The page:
Day: April 5, 2018

More Cities Are Banishing Highways Underground — And Building Parks on Top

Read the full story at Stateline.

Cities looking to boost their downtowns, or to improve downtrodden neighborhoods, are creating “highway cap parks” on decks constructed over freeways that cut through the urban center. Pittsburgh, Philadelphia, Denver and Dallas have deck parks underway. Atlanta, Houston, Minneapolis and Santa Monica, California, are among the cities considering similar projects.

Just let us repair our stuff

Read the full story from CNN.

Though you’ve probably never done it, popping the back of your iPhone is not much different than popping the hood. Lots of parts, but you can figure out what does what.

But popping your phone open requires a bizarre star-shaped screwdriver, and other tools you won’t find in the tool box. Once you open it, you will find the battery stuck to the casing with adhesive tape, which is tricky to remove. All of this might convince you to take your phone to a repair shop if you crack your screen or need a new battery, even though those repairs should be basic maintenance, like replacing worn tires.

Wipeout: Human role in climate change removed from science report

Read the full story from Reveal.

National Park Service officials have deleted every mention of humans’ role in causing climate change in drafts of a long-awaited report on sea level rise and storm surge, contradicting Interior Secretary Ryan Zinke’s vow to Congress that his department is not censoring science.

E.P.A. Prepares to Roll Back Rules Requiring Cars to Be Cleaner and More Efficient

Read the full story from the New York Times.

The Trump administration is expected to launch an effort in coming days to weaken greenhouse gas emissions and fuel economy standards for automobiles, handing a victory to car manufacturers and giving them ammunition to potentially roll back industry standards worldwide.

VW storing around 300,000 diesels at 37 facilities around U.S.

Read the full story from Reuters.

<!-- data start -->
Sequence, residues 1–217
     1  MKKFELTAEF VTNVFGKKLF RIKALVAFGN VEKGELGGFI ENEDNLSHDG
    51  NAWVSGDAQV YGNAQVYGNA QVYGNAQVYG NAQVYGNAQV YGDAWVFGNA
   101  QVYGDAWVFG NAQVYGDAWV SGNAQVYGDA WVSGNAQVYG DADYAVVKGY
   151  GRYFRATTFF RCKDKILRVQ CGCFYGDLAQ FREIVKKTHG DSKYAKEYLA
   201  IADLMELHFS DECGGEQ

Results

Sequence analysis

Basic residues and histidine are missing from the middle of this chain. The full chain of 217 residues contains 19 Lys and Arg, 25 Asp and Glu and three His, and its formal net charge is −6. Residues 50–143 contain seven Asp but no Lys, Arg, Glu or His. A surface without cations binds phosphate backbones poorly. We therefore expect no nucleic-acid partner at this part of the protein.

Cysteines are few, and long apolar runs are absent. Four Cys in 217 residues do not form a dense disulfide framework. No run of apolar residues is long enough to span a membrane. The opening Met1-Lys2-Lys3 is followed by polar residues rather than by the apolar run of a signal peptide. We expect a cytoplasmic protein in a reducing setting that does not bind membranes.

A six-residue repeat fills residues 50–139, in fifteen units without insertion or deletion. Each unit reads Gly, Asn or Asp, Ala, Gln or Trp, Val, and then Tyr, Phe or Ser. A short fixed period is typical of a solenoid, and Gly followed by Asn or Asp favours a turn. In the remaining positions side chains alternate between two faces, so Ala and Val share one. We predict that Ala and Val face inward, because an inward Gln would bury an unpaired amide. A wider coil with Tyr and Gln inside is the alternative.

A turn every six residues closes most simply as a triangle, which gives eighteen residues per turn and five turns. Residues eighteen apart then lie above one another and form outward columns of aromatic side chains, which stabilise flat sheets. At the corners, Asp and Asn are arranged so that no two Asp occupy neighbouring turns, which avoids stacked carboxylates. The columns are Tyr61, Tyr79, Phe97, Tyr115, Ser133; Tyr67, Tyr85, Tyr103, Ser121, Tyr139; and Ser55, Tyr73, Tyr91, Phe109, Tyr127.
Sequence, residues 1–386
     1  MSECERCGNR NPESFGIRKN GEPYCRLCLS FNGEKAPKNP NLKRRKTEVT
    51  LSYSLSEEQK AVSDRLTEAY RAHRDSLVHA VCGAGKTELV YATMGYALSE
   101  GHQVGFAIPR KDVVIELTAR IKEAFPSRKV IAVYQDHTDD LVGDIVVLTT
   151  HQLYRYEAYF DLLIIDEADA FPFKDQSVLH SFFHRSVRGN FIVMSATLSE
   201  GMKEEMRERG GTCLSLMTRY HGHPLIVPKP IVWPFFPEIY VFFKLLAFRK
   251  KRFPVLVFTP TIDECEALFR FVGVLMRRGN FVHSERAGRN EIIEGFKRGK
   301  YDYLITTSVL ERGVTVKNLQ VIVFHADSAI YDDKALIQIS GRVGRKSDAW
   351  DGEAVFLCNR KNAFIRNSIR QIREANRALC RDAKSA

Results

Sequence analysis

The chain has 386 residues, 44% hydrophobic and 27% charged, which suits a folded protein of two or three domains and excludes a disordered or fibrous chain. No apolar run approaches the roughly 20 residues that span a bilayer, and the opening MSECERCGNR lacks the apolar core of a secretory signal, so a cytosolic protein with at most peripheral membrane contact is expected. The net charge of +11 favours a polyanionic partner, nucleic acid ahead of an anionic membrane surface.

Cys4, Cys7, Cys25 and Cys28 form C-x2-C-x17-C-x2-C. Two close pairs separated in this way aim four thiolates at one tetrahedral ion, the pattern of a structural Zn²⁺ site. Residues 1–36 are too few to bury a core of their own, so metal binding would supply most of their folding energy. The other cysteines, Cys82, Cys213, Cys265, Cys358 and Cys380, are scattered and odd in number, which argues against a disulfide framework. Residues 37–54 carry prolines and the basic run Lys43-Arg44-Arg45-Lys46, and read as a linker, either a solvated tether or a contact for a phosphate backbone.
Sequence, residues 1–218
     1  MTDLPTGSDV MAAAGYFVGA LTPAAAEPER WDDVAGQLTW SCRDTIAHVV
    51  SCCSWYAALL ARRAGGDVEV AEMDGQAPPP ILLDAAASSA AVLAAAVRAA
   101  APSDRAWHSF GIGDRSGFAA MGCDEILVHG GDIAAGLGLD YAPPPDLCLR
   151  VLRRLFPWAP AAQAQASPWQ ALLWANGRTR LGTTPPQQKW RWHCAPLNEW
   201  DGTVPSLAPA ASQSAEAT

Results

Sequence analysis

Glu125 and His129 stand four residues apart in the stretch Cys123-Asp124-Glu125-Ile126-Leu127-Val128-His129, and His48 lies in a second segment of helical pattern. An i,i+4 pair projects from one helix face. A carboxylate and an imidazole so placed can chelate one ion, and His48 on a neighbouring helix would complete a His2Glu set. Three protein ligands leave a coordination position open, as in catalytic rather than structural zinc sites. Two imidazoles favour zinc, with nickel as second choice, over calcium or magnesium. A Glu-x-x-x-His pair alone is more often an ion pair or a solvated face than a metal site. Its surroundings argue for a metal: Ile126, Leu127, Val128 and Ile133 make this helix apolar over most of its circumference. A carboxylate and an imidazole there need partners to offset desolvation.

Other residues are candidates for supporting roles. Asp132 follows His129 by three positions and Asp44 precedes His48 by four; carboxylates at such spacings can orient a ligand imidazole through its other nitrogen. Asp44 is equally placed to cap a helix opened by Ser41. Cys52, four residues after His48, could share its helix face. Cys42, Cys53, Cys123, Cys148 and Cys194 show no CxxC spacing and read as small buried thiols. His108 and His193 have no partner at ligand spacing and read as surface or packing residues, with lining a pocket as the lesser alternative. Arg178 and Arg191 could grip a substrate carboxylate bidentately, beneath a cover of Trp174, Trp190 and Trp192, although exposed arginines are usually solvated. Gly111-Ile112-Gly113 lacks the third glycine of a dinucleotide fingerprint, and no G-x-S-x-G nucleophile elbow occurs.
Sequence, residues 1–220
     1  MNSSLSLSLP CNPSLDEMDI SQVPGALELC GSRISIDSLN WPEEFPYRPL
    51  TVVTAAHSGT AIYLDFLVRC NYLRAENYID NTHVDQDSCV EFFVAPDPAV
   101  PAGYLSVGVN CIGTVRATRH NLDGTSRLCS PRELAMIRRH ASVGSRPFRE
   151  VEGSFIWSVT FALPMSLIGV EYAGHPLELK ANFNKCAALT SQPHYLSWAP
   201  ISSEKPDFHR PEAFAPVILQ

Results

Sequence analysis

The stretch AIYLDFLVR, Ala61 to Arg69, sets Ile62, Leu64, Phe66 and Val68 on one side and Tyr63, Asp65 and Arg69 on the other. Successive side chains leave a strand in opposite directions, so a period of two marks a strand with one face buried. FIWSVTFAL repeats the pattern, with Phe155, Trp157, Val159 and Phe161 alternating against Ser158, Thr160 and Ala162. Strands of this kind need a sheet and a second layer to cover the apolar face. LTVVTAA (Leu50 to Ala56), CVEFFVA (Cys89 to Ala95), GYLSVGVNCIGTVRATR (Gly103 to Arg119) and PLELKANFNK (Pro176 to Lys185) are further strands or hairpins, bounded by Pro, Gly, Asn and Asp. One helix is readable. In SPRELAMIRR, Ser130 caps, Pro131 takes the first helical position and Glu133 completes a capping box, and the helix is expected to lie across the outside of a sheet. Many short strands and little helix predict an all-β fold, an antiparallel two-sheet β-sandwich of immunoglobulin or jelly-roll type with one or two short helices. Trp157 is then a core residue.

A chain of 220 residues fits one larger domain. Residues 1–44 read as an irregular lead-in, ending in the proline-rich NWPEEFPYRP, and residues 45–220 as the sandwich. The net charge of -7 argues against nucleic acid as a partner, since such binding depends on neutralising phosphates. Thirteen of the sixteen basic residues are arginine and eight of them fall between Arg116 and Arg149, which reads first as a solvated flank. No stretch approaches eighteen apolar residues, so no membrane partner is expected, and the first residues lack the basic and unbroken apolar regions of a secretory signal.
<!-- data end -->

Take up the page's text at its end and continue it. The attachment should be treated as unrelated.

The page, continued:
Volkswagen AG (VOWG_p.DE) has paid more than $7.4 billion to buy back about 350,000 U.S. diesel vehicles through mid-February, a recent court filing shows. The German automaker has been storing hundreds of thousands of vehicles around the United States for months.

Volkswagen has 37 secure storage facilities around the United States housing nearly 300,000 vehicles, the filing from the program’s independent administrator said. The lots include a shuttered suburban Detroit football stadium, a former Minnesota paper mill and a sun-bleached desert graveyard near Victorville, California.

Dining Out Associated with Increased Exposure to Harmful Chemicals Called Phthalates

Read the full story from George Washington University.

Dining out more at restaurants, cafeterias and fast-food outlets may boost total levels of potentially health-harming chemicals called phthalates in the body, according to a study out today. Phthalates, a group of chemicals used in food packaging and processing materials, are known to disrupt hormones in humans and are linked to a long list of health problems.

3-D printer emissions raise concerns and prompt controls

Read the full story in Chemical & Engineering News.

Scientists want to set a voluntary standard that manufacturers compete to meet.

Inside a Secretive Lobbying Effort to Deregulate Federal Levees

Read the full story at ProPublica.

The effort seeks to undermine federal rules meant to prevent “levee wars” — where communities race to boost their own flood protection at the expense of their neighbors.

New Model Shows Towns on the Wrong Side of an Illinois Levee District Are Treading Water

Read the full story at ProPublica. See also How Overbuilt Levees Along the Upper Mississippi River Push Floods Onto Others.

By building up their own flood protections, some communities have ensured they would be less affected by future floods, while their neighbors would fare worse.

Toilet-to-tap: Gross to think about, but how does it taste?

Read the full story in Science Daily.

Researchers asked 143 people to express a preference among recycled water, bottled water, and tap water. They hypothesized that all three would score similarly. In fact, tap water was the least popular among the tasters; recycled water and bottled water scored about the same.

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